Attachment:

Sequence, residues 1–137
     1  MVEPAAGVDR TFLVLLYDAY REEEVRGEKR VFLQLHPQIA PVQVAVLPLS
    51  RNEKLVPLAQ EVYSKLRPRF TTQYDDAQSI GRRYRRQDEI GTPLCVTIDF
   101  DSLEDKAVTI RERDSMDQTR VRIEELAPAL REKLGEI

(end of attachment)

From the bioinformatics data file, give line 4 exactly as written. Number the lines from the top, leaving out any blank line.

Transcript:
   101  DSLEDKAVTI RERDSMDQTR VRIEELAPAL REKLGEI